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View Diary: The war supporter's weak case for war (242 comments)

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  •  It wasn't a stable dictatorship (0+ / 0-)

    there was a violent revolt before America and NATO showed up

    •  And left it a failed state. (0+ / 0-)

      So claiming the "success" of the intervention requires one to completely ignore the current state of Libya, a country that currently has little to no economy.

      Would have it got that way without our intervention? Maybe. But by no measure was our intervention a "success".

      Non enim propter gloriam, diuicias aut honores pugnamus set propter libertatem solummodo quam Nemo bonus nisi simul cum vita amittit. -Declaration of Arbroath

      by Robobagpiper on Thu Sep 05, 2013 at 09:19:49 AM PDT

      [ Parent ]

      •  What we do know (0+ / 0-)

        was that there was a violent dictator in charge who in the middle of a rebellion threatened to eradicate his enemies. That's my definition of a failed state. The immediate aftermath of most civil wars are violent so I wouldn't assume it's going to be like that forever.

    •  There's credible evidence that the UK and France (0+ / 0-)

      in collusion with radical elements on the ground to facilitate violence within the "revolution". It went violent with killings on both sides within days of the original announcement of protests.

      Libya was a lot more stable under Qaddafi than it is now. Libya is now a free-for-all.

      Libya in crisis as armed groups throttle oil supplies

      TRIPOLI, Libya, Sept. 4 (UPI) -- Lawless Libya, these days seen as a major haven for al-Qaida, is facing its greatest crisis since Moammar Gadhafi was toppled and killed in October 2011, as armed groups besiege oil fields and terminals, cutting production to a trickle and threatening economic meltdown.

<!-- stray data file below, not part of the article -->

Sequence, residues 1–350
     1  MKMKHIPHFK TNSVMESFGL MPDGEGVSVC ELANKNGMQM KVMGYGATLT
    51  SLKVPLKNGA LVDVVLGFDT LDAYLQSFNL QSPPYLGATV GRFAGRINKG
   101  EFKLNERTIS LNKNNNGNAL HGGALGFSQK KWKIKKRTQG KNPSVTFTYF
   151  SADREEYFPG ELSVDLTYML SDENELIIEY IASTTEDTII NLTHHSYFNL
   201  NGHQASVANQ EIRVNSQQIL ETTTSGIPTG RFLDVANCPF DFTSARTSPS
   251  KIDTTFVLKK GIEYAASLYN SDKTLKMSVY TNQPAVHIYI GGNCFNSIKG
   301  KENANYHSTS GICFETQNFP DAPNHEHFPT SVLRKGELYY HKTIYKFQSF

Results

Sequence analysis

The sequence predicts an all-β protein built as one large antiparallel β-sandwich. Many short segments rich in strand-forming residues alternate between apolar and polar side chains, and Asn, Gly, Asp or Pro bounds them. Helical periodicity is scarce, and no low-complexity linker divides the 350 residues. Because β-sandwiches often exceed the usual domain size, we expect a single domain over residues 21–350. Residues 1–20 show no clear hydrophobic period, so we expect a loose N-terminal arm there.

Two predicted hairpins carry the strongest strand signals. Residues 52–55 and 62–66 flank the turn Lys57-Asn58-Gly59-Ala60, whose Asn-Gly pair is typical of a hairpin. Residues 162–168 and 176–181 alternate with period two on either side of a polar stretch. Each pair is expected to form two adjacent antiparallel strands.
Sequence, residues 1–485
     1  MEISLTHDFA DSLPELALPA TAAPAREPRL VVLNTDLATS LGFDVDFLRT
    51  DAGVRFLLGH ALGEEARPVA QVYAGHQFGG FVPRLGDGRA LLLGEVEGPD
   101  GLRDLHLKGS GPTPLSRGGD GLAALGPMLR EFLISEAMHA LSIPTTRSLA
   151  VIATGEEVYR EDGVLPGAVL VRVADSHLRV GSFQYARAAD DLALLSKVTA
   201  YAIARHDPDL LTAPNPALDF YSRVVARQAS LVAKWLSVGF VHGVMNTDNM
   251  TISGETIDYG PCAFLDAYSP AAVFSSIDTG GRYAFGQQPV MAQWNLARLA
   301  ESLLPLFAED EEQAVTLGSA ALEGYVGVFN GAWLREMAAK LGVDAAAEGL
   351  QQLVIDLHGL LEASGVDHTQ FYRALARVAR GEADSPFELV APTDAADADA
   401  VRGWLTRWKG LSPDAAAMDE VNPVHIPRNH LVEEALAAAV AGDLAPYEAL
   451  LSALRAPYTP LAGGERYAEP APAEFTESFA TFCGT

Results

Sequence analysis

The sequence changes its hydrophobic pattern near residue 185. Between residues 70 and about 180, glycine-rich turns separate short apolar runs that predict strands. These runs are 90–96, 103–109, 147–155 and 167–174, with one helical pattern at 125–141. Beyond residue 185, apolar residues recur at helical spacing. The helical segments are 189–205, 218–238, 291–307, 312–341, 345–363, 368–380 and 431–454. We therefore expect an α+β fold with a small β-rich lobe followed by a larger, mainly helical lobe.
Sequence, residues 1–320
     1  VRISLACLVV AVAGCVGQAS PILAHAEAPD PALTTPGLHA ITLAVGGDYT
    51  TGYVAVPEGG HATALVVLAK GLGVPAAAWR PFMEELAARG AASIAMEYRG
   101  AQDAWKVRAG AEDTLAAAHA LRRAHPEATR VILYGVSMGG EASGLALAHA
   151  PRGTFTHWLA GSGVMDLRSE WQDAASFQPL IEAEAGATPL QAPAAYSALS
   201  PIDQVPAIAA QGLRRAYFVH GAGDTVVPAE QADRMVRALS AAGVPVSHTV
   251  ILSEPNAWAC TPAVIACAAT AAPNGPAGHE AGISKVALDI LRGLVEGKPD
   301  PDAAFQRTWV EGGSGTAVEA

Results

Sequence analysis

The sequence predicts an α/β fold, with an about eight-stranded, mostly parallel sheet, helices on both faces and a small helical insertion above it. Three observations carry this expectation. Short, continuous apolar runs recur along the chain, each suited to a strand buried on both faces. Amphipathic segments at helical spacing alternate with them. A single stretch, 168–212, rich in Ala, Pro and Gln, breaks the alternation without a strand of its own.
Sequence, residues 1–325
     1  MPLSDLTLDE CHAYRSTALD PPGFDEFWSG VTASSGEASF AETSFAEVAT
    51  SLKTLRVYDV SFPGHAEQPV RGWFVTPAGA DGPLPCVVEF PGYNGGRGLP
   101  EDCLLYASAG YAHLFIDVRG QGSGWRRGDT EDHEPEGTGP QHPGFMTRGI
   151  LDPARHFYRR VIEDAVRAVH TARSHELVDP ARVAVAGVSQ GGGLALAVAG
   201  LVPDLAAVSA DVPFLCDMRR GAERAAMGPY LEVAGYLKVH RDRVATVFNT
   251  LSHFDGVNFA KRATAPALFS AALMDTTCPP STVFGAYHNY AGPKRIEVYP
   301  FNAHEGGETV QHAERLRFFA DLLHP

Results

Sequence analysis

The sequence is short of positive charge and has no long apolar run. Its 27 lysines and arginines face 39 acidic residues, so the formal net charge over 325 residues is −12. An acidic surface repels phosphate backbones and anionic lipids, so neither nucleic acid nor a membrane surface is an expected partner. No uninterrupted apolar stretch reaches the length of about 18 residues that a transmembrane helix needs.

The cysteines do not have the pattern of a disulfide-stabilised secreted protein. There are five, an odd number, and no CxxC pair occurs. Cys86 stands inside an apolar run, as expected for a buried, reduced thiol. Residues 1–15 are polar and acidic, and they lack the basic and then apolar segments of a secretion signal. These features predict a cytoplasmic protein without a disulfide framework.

Farmers bulldoze ancient tombs in Libya to sell plots to developers

      Several ancient tombs at a Unesco World Heritage Site in northeastern Libya have been bulldozed to clear space for a residential complex. Local farmers, who have laid claim to part of the vast necropolis at Cyrene, began demolishing a mile-long section of the site last week in the hope of selling 500 sq. m parcels to real estate developers. Although the proper authorities have been notified, the country’s current fragile political situation has left them unable to intervene.
      “In Libya, customs and practices tend to carry more weight than the written law. This land traditionally belongs to families who live in nearby farms. They have no official documents that prove that they own the land, yet their claims are not contested. Under Gaddafi, these families did not dare try to act on these claims. But now, they have transformed the archaeological site into a construction zone,” Hussein says.

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